Two words that make you want to do the opposite, causing you to question everything that’s said. “Trust me” makes you squirm. “Trust me” makes you itch, even though there are times when there’s no other choice. And in the new book Shots on the Bridge by Ronnie Greene, you’ll read about assumed trust that was broken in a most devastating way.
On the morning of August 29, 2005, almost an hour after Hurricane Katrina hit land, a levee broke and water poured into New Orleans. Many people, heeding their mayor’s pleas, fled the city before Katrina arrived but an estimated 100,000 didn’t – including police, who became “prisoners of the hurricane’s wake.” Also stranded: one-time NFL player Lance Madison and his mentally disabled brother, Ronald; and 17-year-old JJ Brissette, his friend Jose Holmes Jr., Jose’s aunt Susan Bartholomew, her family, and extended family.
Six days post-hurricane, after waiting for rescue that never came, enduring the heat, the stench, and a lack of food, the families, on opposite sides of the Danziger Bridge and unbeknownst to each other, set out to find help on their own.
The trouble, at its very core, began with shots fired on the Danziger Bridge by unknown miscreants who fled quickly. In later months, Detective Jennifer Dupree would avow that she never said “Officer down” when she reported those shots. Yes, she’d radioed for help, but not with those words; still, at their makeshift headquarters, officers readying for duty heard Dupree’s call for assistance. Eleven of them, both black and white, jumped in a truck and raced to the bridge.
It was, as Greene said, “chaos.”
Arriving at the bridge, police began shooting before they even understood who they were shooting at. Whether or not they knew that the African American civilians they shot were unarmed is still debated but when the gunfire stopped, two people were dead and many injured in what Greene says “was about the worst abuse of police power… ever seen.”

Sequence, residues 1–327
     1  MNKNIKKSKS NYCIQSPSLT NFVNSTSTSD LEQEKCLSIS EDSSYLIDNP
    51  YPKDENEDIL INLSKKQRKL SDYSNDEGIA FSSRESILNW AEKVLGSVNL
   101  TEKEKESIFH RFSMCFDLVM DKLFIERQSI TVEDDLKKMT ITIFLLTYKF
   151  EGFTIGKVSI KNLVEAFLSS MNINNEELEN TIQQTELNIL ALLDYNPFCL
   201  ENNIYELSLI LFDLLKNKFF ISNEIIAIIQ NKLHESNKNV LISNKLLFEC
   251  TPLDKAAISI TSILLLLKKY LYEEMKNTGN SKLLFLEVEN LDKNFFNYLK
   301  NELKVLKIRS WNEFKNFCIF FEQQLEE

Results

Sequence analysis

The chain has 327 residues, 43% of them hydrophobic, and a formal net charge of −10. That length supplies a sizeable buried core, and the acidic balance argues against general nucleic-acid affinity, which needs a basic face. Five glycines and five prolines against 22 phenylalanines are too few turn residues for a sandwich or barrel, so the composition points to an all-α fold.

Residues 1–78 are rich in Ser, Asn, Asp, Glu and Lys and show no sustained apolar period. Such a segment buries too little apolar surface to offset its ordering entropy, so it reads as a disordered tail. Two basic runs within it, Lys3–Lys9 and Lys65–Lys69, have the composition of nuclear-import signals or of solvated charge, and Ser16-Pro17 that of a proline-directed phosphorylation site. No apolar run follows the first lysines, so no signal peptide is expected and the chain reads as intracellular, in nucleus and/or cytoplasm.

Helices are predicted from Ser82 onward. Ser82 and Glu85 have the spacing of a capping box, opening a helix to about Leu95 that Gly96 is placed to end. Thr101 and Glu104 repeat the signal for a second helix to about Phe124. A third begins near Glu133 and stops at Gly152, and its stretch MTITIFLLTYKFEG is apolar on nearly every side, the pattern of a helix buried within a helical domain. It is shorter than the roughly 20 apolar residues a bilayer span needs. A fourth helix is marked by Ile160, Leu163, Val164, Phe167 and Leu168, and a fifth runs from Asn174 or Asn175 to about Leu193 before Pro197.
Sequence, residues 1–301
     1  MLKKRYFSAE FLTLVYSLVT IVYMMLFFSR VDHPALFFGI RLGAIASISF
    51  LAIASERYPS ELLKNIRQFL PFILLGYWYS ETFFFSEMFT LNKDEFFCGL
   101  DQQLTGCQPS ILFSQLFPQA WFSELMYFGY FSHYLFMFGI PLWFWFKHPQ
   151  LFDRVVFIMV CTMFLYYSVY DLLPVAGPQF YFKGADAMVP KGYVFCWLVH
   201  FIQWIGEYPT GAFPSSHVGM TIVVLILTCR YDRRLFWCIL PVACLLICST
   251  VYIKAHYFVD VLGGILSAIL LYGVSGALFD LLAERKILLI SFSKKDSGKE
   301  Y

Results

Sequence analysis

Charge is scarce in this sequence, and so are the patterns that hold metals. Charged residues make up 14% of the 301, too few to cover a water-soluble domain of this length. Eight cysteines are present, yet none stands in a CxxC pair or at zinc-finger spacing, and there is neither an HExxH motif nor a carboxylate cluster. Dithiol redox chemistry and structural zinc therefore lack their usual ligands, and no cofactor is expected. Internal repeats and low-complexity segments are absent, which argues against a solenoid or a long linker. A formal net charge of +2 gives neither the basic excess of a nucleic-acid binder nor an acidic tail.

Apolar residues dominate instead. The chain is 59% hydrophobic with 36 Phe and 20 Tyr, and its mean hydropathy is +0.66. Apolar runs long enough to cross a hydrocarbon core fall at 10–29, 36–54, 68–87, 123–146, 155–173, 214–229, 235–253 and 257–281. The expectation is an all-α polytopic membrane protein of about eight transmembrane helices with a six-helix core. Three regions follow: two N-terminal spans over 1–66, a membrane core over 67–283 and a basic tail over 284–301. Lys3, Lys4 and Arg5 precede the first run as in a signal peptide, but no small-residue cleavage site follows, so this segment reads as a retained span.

I struggled for a long time over what to say about this book. For sure, you’ll spend a lot of time picking your jaw up off the floor while you’re reading Shots on the Bridge. But on the other hand, there’s a lot to follow, and that makes it a bit hard to read.
I can’t use the verb “enjoy” here, either, because what’s to enjoy about what happened?
You may appreciate the courtroom drama, or the investigative techniques it took to see how the cover-up evolved, but that seems secondary to what author Ronnie Greene reports – even though it comprises most of the book. And yet – to get there, you have to read that astounding first half.
Some of the outcome you’ll see will satisfy you, but I’m guessing you likely won’t be happy at the end of this squirmy book. Still, I believe that Shots on the Bridge is overall worth a try on this 10th anniversary of the event – if nothing but because you can trust that it’ll make you think.